Cyber Round Up: Rudy Giuliani compares cybersecurity to cancer and hackers to the Mafia, U.S. Utilities worry about cyber coverage after Ukraine Attack, Congress Needs to Catch up on Cybersecurity Issues

  • Rudy Giuliani Compares Cybersecurity to Cancer and Hackers to the Mafia (MarketWatch): In a recent MarketWatch article, Giuliani, a prostate cancer survivor compared cybersecurity to cancer, saying that both present similar challenges and that early detection is vital to reducing damage.  Giuliani went on to say that cybercrime reminds him of the organized criminal networks that he pursued back in the 80’s, according to the article.  The article indicates that Giuliani’s move into cybersecurity reflects reluctance on the part of many CEO’s to hire traditional cybersecurity firms, especially those that are largely staffed by ex-hackers.  Giuliani’s approach was quite different as he decided to recruit from the ranks of ex-military  rather than looking at reformed hackers, the article stated.  The full article may be found here.


  • Continued Exposure for the U.S. Power Industry (Reuters): Jim Finkle reports in Reuters that U.S. utilities are closely examining their exposure and insurance coverage following the Ukraine power grid hack which was reportedly the first cyber attack to cause a physical  power outage.  The article indicates that a similar attack in the United States could devastate utilities and result in financial losses of more than $200 billion.  Several utilities, namely, American Electric Power Company, Duke Energy Corp., Nextera Energy, Inc., and PG&E Corp., have warned about their exposure to cyber risks in their annual reports provided to security regulators, according to the article.  Furthermore, the article states that a study by Lloyd’s of London and the University of Cambridge indicated that simultaneous malware attacks on just 50 generators in the Northeastern US could cut power to nearly 100 million people and result in $243 billion in economic damage and between $21 and $71 billion in insurance claims.  The full article is here.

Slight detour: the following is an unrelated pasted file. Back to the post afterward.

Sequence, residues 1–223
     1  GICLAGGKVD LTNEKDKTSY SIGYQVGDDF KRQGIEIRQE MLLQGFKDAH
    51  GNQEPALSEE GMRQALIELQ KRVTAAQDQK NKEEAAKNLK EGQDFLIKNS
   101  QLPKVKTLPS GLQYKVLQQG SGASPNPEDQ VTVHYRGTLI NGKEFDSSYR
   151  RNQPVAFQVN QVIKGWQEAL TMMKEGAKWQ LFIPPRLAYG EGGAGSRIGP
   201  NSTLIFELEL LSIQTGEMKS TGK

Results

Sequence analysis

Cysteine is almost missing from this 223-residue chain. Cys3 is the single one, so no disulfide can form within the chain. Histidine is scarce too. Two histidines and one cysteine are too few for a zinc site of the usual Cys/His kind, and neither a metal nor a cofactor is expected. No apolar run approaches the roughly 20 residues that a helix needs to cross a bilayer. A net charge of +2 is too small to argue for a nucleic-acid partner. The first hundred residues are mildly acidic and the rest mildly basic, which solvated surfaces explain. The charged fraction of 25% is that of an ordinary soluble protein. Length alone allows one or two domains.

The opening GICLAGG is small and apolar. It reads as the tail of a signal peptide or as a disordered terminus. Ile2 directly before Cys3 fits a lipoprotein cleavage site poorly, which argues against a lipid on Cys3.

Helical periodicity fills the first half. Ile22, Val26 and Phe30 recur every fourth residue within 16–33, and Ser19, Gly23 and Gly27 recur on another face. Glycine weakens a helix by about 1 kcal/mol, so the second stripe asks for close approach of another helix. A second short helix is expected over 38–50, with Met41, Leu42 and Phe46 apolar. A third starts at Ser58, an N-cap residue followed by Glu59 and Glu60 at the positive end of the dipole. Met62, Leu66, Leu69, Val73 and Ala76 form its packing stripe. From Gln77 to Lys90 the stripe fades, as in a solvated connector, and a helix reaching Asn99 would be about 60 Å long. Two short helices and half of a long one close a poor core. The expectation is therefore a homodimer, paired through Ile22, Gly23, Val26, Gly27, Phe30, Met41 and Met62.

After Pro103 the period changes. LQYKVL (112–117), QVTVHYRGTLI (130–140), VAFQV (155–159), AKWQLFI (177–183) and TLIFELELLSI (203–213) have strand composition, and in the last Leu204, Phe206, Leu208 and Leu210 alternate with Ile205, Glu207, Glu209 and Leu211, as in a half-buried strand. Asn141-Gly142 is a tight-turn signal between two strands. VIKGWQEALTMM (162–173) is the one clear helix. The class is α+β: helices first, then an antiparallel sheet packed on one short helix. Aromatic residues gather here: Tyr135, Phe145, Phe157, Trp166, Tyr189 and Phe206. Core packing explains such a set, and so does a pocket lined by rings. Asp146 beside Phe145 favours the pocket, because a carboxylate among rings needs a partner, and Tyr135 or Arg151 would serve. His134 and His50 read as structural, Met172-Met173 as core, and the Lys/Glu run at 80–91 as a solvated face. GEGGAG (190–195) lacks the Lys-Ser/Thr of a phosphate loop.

• Congress Needs to Catch up on Cybersecurity Issues (FCW): This article by Aisha Chowdhry credits Sen. Rob Johnson (R-Wis.) as saying that the U.S. is behind the curve on cybersecurity and the Cybersecurity Information Sharing Act of 2015 should have been passed years ago.  Johnson also indicated that our energy infrastructure is inadequately protected and no one is even talking about the use of electromagnetic pulse (“EMP”) weapons, according to the article.  The full text of the article is here.

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Professor William Snyder

Professor William C. Snyderis a member of the faculty of the Institute for National Security and Counter-terrorism at Syracuse University after fifteen years with the United States Department of Justice.

Ryan D. White